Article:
The Old Foundry project in Long Melford, Suffolk, is the conversion of a Victorian building into 7 residential units, for a total of 7000 square feet, where we are giving new life to the local history and making new beautiful homes together.
In Long Melford, we are making the Old Foundry part of the local life again.
Note: now that the project is complete, you can have a look at the final result here.
During the site preparation we couldn’t wait to start the transformation, and finally we started the work! The progress is amazing and you cannot stop taking pictures from all angles.
It’s awesome how our technology is bringing a historical building back to life and to see our partners using our digital platform every day! We all follow the progress from remote, communicate on pictures and videos in real time, review the beautiful details of the old building together from different locations.
After each site visit, our imagination fires up higher, as we start to see with our eyes where the transformation will take us. We look at the plans and then at the bare walls and floors and windows, and visualise the Italian finishes in place. The delicate balance between the contrasting details comes from love and respect of the local history. The exclusive Italian kitchens and bathroom tiles will create a gentle contrast with the original materials and structure. We choose textures, colours and materials to highlight the original accents and give a fresh modern feeling to the final result.
We shared some stories over lunch time in the local pub. Some still remember when the building was transformed into a fire station in 1958. That was when the wide opening in the facade was created, to allow the passage of the fire trucks. The opening that makes the look of the building so distinctive will be renovated but kept in the final conversion.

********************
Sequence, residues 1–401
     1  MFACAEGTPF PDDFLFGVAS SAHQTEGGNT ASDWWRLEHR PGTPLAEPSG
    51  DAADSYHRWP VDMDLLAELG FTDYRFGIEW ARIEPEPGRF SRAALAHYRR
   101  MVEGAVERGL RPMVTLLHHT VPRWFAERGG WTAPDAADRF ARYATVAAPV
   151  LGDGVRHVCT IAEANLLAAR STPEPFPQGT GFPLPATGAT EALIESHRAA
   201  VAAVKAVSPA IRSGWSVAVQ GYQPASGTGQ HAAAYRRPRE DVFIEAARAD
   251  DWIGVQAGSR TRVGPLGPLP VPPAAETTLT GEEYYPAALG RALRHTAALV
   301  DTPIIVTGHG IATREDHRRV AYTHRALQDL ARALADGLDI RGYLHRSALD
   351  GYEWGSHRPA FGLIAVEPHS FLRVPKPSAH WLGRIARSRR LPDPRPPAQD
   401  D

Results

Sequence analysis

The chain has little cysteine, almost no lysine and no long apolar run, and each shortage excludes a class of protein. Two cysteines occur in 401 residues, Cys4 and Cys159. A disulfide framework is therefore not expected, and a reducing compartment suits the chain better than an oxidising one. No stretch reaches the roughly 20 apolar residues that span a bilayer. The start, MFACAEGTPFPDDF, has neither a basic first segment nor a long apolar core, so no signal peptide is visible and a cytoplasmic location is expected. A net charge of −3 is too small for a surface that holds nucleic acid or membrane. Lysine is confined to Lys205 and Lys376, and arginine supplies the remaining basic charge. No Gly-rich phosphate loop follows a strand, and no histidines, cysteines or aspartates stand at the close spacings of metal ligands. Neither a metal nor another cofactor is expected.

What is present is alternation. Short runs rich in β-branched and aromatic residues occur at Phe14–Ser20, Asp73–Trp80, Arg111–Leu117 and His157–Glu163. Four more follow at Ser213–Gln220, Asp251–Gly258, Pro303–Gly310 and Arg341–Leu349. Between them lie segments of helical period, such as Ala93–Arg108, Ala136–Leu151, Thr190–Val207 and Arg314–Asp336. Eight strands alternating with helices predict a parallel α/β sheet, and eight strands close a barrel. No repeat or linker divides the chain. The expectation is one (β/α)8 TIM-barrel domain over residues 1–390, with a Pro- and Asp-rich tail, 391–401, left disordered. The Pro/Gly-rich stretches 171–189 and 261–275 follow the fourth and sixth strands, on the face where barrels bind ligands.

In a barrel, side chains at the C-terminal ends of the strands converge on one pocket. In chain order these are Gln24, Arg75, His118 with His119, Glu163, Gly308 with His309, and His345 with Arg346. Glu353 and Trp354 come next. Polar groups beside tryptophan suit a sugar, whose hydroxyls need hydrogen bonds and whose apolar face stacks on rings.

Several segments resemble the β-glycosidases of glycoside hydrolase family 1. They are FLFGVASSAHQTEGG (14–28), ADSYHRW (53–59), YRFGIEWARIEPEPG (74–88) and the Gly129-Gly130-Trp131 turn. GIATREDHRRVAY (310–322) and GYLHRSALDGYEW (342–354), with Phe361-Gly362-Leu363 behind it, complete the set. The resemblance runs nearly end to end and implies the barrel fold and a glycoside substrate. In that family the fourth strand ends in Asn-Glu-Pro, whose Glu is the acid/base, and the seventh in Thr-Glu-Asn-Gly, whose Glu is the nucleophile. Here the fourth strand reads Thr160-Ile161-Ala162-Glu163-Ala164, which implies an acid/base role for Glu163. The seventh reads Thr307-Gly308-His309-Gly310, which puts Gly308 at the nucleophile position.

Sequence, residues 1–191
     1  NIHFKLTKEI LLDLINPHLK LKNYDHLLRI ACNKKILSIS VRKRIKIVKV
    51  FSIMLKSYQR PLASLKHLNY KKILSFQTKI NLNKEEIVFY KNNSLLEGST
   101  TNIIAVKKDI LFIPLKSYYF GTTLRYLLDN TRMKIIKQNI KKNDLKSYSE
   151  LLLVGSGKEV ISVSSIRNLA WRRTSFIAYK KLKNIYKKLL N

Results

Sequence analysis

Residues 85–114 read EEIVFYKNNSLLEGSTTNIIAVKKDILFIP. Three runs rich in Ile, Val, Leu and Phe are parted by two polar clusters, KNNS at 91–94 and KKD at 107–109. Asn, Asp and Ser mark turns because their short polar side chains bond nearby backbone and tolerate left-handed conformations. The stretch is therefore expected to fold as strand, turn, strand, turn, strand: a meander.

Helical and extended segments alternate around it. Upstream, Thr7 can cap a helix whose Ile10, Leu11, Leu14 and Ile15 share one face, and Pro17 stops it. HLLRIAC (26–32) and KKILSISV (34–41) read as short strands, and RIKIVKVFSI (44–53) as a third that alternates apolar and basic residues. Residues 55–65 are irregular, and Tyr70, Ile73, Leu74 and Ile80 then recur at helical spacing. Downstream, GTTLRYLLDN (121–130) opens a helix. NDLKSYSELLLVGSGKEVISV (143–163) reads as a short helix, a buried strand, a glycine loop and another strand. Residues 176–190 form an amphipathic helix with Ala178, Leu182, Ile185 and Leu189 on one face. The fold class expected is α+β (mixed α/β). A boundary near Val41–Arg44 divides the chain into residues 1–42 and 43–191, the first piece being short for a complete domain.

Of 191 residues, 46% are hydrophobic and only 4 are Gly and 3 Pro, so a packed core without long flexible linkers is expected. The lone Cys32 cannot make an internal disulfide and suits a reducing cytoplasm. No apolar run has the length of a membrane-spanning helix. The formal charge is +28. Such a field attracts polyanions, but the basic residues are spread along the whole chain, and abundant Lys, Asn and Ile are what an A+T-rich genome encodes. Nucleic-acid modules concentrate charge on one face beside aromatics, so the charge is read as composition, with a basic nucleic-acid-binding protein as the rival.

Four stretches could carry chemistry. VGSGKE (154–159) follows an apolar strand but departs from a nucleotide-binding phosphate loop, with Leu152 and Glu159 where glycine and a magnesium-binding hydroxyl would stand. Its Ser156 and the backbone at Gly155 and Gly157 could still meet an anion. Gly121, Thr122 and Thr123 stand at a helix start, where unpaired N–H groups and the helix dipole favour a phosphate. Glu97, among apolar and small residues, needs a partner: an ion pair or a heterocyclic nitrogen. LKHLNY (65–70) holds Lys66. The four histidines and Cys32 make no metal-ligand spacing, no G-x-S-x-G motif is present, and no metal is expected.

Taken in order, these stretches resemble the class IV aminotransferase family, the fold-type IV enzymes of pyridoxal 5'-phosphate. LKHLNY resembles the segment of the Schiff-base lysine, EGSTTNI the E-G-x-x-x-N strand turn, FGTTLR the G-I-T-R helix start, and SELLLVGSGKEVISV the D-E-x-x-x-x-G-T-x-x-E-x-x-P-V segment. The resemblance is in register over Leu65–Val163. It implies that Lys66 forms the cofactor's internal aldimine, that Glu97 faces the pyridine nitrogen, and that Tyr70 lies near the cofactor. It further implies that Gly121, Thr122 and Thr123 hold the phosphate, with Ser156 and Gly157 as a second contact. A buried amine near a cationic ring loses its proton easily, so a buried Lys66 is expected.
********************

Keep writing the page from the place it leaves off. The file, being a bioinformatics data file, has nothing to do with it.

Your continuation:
As reported in Long Melford website, the original foundry was established in 1843 by David Ward and his brother-in-law James Silver. The business grew and became quite important in the area, employing 63 men and 4 boys in 1881. Metal works with the Ward and Silver marks are still present and visible in town.
The triangular king post trusses in the upper floor ceiling follow an engineering technique introduced in medieval times; they were common in Victorian times and are still used today. They allow large spaces needed for a workshop.
In the Old Foundry the vertical central posts are steel hooks attached to the roof ridge; massive screws are visible at the bottom, connecting the posts to the horizontal lower beams at the ceiling level.
You cannot stop craning your neck looking up at this testimony of human ingenuity, picturing the stunning contrast with the renovated spaces.
On a beautiful day, the charm of the Old Foundry is irresistible: the colours of the red bricks, the contrast with the blue sky, the wild ivy covering the flint and brick walls.
Romans introduced flints mixed with bricks in construction, as flints were sourced locally and were less expensive than cooked bricks. The technique is widely used in Victorian buildings. At the Old Foundry, the pattern of the walls has a simple geometric symmetry and a surprising smoothness at the touch. You cannot resist running your fingers on the coarse walls, and think about the people who built them and lived and worked seeing them every day.
If you look more closely, you’ll notice round large metal plates on the surface. It is a traditional construction technique that provides lateral constraint to the walls. The plates are are attached to a steel rod that goes inside the joist. They were probably added decades ago, when the ends of the horizontal floor joists started to rot.
You can’t help think that structural engineering is the most amazing science, defying centuries and bragging about its immortality to us and to the future generations.
Here at houseUP we specialise in alterations of buildings from 1800 and early 1900 that require structural modifications. Get in touch to learn more about us or to tell us about your project